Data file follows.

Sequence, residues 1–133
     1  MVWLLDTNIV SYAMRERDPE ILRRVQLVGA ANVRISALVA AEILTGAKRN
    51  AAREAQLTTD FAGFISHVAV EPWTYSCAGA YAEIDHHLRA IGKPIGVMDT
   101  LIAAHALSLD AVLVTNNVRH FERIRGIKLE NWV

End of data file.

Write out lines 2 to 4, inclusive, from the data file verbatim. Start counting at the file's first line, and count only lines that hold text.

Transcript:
     1  MVWLLDTNIV SYAMRERDPE ILRRVQLVGA ANVRISALVA AEILTGAKRN
    51  AAREAQLTTD FAGFISHVAV EPWTYSCAGA YAEIDHHLRA IGKPIGVMDT
   101  LIAAHALSLD AVLVTNNVRH FERIRGIKLE NWV